I obviously hold my own position in this debate strongly. Given the nature of the class, do I risk unfairly characterizing the other side of the debate if I should share this controversy with them? Is there a good method of presenting it that will help them to take their own informed position on these issues without drilling my personal perspective into their heads? Should I present the topic at all? Am I right or wrong in my thinking?

13 comments to Bleg for feedback

  • Matt Penfold

    Church ?

    You claim to be an atheist.

    Still, to answer you question, I would suggest you don’t bother. No matter what you teach you are likely to come across as a smug self-satisfied wanker who plays solopsistic games. I doubt anyone could learn much from you.

  • It’s not been my experience that no one can learn from me. I have had some experience today with a fellow who appears to be very unwilling to learn… But I’ve got some really sharp kids in my class, and they tend not to come with some ideological axe to grind that is so enormous that they are unwilling even to consider new information if they fear it may take their attention away from their hobby horse.

  • Matt Penfold

    I have had some experience today with a fellow who appears to be very unwilling to learn

    As that person in question I would still contend you cannot teach. You also lack honesty and back track on what you have said.

    Still, I now recall you from around scienceblogs. You were an idiot then, and time has not helped you.

  • jadarm

    Good questions above…all of them.

    I only have one more to add.

    Teens?

  • jadarm

    As that person in question I would still contend you cannot teach. You also lack honesty and back track on what you have said.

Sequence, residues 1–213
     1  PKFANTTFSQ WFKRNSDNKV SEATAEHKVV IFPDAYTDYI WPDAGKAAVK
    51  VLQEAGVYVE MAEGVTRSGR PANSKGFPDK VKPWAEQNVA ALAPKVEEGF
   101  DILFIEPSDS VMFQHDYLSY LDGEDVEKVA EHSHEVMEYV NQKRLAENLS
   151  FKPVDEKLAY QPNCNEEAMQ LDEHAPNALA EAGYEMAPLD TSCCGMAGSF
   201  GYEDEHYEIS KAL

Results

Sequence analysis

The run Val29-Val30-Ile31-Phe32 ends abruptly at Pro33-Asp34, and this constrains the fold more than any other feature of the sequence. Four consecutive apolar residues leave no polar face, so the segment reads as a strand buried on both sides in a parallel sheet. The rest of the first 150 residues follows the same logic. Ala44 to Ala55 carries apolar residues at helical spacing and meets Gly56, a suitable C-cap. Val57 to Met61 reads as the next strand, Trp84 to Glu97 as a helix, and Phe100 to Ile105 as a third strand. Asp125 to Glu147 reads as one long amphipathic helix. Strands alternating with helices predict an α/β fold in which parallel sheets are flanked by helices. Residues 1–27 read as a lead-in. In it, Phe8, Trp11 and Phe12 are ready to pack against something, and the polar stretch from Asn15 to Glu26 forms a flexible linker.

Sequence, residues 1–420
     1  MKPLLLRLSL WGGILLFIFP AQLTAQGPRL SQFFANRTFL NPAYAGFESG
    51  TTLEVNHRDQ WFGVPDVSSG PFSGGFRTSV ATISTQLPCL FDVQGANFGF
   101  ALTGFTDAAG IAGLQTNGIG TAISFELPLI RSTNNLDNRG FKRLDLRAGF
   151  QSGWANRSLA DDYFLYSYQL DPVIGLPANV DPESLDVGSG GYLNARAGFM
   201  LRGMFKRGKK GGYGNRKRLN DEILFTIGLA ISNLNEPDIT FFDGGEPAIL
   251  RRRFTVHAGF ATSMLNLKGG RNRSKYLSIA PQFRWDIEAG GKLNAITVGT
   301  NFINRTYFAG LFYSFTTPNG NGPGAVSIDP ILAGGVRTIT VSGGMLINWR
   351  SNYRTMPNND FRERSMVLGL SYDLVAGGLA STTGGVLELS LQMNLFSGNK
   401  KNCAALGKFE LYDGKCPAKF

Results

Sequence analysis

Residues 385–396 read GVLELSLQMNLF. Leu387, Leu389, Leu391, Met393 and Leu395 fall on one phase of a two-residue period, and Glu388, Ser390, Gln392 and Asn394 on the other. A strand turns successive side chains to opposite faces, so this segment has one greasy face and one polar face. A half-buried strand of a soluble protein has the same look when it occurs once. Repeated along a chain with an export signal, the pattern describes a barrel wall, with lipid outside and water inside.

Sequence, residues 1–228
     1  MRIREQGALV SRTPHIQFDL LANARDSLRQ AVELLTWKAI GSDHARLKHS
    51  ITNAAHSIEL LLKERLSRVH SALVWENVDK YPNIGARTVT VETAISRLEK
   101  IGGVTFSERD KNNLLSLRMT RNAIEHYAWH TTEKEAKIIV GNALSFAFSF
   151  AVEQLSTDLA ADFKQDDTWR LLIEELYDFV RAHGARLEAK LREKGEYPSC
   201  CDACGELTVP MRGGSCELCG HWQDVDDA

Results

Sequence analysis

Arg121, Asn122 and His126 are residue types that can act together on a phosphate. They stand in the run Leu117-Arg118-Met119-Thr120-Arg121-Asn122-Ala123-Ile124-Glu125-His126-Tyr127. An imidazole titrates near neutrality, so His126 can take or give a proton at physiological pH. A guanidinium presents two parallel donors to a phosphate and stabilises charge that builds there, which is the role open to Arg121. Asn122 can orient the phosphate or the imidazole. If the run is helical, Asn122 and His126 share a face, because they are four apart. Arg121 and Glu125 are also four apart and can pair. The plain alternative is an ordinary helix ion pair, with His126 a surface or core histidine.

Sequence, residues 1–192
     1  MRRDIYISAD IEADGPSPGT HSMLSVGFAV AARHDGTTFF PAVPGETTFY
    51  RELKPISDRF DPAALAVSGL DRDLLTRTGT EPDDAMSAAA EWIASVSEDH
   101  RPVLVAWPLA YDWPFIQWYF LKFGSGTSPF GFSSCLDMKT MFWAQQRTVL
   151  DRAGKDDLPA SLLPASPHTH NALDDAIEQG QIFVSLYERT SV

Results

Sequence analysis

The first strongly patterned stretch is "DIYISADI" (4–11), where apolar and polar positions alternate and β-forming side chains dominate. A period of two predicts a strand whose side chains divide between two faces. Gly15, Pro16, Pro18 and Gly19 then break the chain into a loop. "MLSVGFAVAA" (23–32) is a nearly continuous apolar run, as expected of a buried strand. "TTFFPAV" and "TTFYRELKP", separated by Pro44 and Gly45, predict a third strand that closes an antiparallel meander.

Still, I now recall you from around scienceblogs. You were an idiot then, and time has not helped you.

    ….and as for you, …well, I guess we are all glad to have someone like you around to show us all of our faults. Thank you so much. Wherever would we be without people such as yourself?

  • Matt Penfold

    ….and as for you, …well, I guess we are all glad to have someone like you around to show us all of our faults. Thank you so much. Wherever would we be without people such as yourself?</blockquote

    No idea. Do your own homework.

  • jadarm

    Please be advised Mr. Matt Penfold Silversleeves….that idiots too are allowed and welcomed here.

    Welcome aboard sir!

    :)

  • Hah! Yep … this is a whole different ship of fools over here. We even let Robert T. Nash stick his racist nose in over here from time to time. Sometimes it’s hard to tell which is the pearls & which is the swine.

  • By all means share the controversy and present the topic. The kids are smart. They can think for themselves.

    It has always puzzled me why religion and science have to be at “loggerheads”.

    I have always been under the impression that most of the great scientists of old were “religious” in that they believed in God. That is not saying they were Christian fundamentalists.

    In my mind science and religion both deal in mysterys. Religion acknowledges them and science tries to figure them out.

    I don’t understand why there has to be so much poo-flinging. Hell man, we are all in this together.

    My philosophy on belief has always been, “believe what you want to. Everybody else does.”

  • Yeah… I agree…. these are extremely smart kids… I wish I had half their brains. I’m going to go for it.

  • I saw a lot of tired eyes, but no one fell asleep. Very kind of them!

  • RW

    Folks like Matt Penfold remind me of one of the (many) reasons why I’ll never go back to blogging again.